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Week in Michigan politics: Detroit mayoral election, bankruptcy and Pontiac's finances

Bob Jagendorf
State lawmakers have passed bills allowing the city to keep taxing at certain rates. The legislation awaits Governor Snyder's approval.

This week in Michigan politics Emily Fox and Jack Lessenberry discuss ballot issues that have emerged in the Detroit mayoral race, the objection filings to Detroit's bankruptcy and Pontiac coming out of emergency management.

Mayoral ballot counts questioned

Nearly 20,000 votes in Detroit’s mayoral election may be thrown out after a discovery that ballot counters tallied the votes improperly.  The ballots are typically tallied with hash marks, but some election workers labeled with numbers instead.  The state is now expected to make a decision on the validity of these ballots.

The removal of the votes reverses the results of the primary election and places candidate Benny Napoleon as the front runner.

Jack Lessenberry notes that the original decision to throw out the votes was made by Wayne County Clerk Cathy Garrett, the sister of an influential supporter of Napoleon.

Lessenberry says, “It’s important to say this would not affect the lineup for the November election.  It would still be Duggan and Napoleon; no one else is even close.”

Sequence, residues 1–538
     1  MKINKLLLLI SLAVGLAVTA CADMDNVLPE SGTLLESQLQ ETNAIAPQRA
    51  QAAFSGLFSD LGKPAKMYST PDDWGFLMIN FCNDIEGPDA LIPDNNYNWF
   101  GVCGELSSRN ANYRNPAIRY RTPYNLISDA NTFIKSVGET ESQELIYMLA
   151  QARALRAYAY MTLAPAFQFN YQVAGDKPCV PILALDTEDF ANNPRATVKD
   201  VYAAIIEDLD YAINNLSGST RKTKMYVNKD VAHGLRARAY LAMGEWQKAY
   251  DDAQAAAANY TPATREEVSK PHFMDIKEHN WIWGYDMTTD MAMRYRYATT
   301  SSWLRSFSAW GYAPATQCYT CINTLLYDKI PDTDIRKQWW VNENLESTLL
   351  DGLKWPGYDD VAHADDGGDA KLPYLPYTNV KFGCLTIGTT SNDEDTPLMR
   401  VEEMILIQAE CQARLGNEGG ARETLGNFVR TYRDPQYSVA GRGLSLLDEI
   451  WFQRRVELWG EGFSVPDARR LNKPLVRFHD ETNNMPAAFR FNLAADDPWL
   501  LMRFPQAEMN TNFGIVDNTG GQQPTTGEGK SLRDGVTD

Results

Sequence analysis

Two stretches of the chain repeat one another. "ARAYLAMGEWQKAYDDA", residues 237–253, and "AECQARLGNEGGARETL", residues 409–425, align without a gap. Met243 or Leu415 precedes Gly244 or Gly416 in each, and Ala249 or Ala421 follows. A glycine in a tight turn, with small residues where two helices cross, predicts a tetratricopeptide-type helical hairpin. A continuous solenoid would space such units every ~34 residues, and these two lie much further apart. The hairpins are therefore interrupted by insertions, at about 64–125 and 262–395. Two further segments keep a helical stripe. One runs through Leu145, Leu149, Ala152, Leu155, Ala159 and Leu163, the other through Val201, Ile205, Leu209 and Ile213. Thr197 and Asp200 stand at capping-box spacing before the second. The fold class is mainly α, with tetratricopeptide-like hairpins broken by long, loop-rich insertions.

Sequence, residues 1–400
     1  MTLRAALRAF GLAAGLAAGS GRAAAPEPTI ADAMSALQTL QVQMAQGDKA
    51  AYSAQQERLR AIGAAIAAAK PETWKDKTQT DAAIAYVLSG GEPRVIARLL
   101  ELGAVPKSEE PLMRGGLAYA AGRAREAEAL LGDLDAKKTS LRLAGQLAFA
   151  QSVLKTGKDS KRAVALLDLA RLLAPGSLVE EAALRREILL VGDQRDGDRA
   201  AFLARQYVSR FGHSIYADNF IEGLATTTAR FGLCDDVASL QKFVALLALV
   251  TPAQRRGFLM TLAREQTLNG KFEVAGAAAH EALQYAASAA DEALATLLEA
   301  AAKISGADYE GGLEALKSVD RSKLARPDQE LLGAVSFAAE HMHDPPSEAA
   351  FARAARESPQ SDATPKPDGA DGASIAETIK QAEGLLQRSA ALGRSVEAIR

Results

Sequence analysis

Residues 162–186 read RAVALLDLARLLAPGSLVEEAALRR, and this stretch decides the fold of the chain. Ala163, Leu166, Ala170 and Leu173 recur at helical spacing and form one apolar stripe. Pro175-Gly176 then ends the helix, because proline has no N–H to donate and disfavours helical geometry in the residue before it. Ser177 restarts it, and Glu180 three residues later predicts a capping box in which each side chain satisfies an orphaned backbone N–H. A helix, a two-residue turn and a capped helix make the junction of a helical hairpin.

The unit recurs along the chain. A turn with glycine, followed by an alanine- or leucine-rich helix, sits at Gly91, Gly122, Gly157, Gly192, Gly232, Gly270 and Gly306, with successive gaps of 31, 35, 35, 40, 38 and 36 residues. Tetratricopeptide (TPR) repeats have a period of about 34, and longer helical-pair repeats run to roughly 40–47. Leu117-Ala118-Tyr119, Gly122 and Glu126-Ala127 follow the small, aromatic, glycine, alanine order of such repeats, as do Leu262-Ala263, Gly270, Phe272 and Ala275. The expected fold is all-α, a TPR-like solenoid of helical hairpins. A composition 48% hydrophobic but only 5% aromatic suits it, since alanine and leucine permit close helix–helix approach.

Deadline past for Detroit bankruptcy objections

Monday night was the deadline for unions, pensioners, creditors and individuals to file objections to Detroit’s municipal bankruptcy.

These objections will be considered in the November hearings that determine the city’s eligibility for bankruptcy.  Bankruptcy judge Stephen Rhodes will hold these hearings, though Lessenberry says we don’t know how much weight the objections will carry.  

Emergency managers are not necessarily the new norm

Currently, five Michigan cities and three school districts are under the supervision of an emergency manager.  

Lessenberry doesn’t necessarily think that emergency managers are the new norm for handling economic crises in Michigan, but they are tools for cities to use.

Lessenberry says, “In some of these cases it’s a case of cities not managing their money; other cases it’s a case of cities not having money and I think we’re probably going to see a lot more of this unless we change the way in which cities and schools are financed.”

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